The members must appoint one or more directors to manage the day-to-day operations of a company limited by guarantee. All companies must have at least one director, while companies set up for charitable purposes will typically require at least two. There’s nothing to stop the members also being directors: in fact, the directors of a company limited by guarantee will often also be members of the company.
Whatever title they are given, if they exercise day to day control over the company they remain directors of it.
Often, the directors of companies limited by guarantee geared towards certain purposes will be given some other title. Charities will often refer to them as trustees, schools usually call them governors and in other cases they may be termed committee members. In a residents’ management company, the directors might collectively be the management committee, or in other organisations be termed the board of managers. Whatever title they are given, if they exercise day to day control over the company they remain directors of it. It’s important to ensure that each individual who assumes the role of director is properly appointed and fully aware of their duties.
Like in other types of company, the role of the directors includes a legal responsibility to promote the success of the company. Their exact powers will depend on the contents of the company’s articles of association, but will typically be broadly defined. Powers are usually conferred on the board of directors collectively, who may then choose to delegate them. They may, for example, set up sub-committees on certain subjects or allocate specific responsibilities to individual directors – to a treasurer or membership secretary, for example.
Members typically appoint the directors of a company limited by guarantee and, likewise, have the right to remove a director by ordinary resolution. In some companies, however, some or perhaps all of the directors may be appointed by external organisations with an interest in the company or its objects: this might include external backers like local authorities, unions or charities, for example.
The initial directors of a company limited by guarantee must be reported to Companies House when the company is formed. Thereafter, each new appointment, a change in details or termination of an existing appointment must similarly be reported. A company limited by guarantee may also choose to appoint a company secretary, although generally there’s no legal requirement to do so.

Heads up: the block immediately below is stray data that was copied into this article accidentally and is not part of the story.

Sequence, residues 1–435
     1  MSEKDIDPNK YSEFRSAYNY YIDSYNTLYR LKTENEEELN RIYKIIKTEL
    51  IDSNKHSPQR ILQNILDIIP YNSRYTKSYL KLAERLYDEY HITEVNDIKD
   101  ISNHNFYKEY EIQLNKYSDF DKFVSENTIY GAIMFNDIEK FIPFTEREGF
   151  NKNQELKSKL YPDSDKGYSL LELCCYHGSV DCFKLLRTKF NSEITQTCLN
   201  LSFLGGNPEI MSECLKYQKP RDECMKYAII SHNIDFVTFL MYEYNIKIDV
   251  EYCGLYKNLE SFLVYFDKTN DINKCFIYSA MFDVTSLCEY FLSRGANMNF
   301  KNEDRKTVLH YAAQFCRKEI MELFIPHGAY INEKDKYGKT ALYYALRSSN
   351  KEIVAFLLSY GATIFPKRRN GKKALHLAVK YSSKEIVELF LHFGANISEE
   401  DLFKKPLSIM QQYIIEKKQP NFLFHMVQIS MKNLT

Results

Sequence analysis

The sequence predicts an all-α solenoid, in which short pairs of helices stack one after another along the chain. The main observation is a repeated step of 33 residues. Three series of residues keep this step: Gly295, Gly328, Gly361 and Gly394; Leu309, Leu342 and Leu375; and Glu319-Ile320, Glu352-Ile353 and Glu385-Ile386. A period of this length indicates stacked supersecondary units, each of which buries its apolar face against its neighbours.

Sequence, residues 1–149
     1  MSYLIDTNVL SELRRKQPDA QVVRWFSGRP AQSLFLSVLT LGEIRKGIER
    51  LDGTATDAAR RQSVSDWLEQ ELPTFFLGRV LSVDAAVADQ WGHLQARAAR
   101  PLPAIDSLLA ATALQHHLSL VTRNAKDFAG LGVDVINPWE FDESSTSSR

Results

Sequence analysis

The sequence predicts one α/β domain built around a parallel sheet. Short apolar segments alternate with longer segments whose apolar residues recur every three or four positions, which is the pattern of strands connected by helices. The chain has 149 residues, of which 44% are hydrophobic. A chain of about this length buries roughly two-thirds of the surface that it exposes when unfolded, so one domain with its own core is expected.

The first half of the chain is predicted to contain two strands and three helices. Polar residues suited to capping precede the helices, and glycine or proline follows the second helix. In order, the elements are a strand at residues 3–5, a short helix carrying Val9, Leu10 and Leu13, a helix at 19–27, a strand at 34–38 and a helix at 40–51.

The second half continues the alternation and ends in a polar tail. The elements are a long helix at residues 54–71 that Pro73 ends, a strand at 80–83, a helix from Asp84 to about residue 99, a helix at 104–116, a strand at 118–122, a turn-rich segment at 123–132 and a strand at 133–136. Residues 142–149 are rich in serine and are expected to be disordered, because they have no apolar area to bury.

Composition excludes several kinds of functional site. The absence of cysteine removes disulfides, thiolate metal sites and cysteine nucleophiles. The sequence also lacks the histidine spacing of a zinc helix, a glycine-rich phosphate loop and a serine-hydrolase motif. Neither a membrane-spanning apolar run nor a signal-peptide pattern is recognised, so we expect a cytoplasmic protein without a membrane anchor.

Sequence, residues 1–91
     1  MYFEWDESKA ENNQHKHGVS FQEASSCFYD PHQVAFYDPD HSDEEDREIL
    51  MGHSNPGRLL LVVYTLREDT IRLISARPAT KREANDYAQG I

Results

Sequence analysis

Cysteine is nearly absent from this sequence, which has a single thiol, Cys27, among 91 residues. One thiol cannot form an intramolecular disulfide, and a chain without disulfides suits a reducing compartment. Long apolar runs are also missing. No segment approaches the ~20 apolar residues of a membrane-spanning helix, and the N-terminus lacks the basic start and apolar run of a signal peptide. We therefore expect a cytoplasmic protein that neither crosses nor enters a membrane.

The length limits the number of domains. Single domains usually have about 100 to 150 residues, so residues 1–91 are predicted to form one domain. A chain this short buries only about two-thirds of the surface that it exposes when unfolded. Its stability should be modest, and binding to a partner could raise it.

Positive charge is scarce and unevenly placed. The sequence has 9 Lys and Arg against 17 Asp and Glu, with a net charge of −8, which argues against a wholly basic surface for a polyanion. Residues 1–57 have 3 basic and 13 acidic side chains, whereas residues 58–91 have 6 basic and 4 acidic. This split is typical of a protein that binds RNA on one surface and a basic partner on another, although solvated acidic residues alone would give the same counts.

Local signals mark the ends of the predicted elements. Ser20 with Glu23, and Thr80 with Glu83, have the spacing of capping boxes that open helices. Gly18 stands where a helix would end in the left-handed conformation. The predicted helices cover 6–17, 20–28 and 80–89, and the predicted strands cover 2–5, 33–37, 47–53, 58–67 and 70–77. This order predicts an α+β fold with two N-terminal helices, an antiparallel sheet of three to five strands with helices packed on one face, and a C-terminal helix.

What’s the financial position of a company limited by guarantee?
As a company limited by guarantee doesn’t have share capital, it cannot raise money by issuing shares to equity subscribers. While this generally makes them more suitable to non-profit ventures, they can pursue their object by securing funds via grants or borrowing – for example by issuing debentures. Many membership organisations set up as companies limited by guarantee impose annual subscriptions or a joining fee in order to cover essential running costs.
the company’s articles of association will often preclude the distribution of profits
The Companies Act does not specifically prevent a company limited by guarantee from distributing surplus income to members and there are a limited number of companies which do so. However, in the vast majority of cases any profit is retained by the company to advance the aims of the organisation. In fact, the company’s articles of association will often preclude the distribution of profits and, furthermore, if members receive a share of profits from a company set up for charitable purposes the company will sacrifice its right to charitable status.
A company limited by guarantee must file accounts and tax returns to the same deadlines as a company limited by shares. The main differences to the accounts are that:
- Share capital will not appear on the balance sheet.
- Different terminology is typically used, alongside a note that the company is limited by guarantee. ‘Profit’ should instead be termed ‘Surplus’ and ‘Shareholders Funds’ should be replaced by ‘Reserves’.
There will be other requirements for certain types of companies limited by guarantee. In particular, any charitable company will also need to comply with the requirements of the Charity Commission or OSCR.
Inform Direct helpsyou keep up to date records for members and directors, maintain statutory books and make filings to Companies House.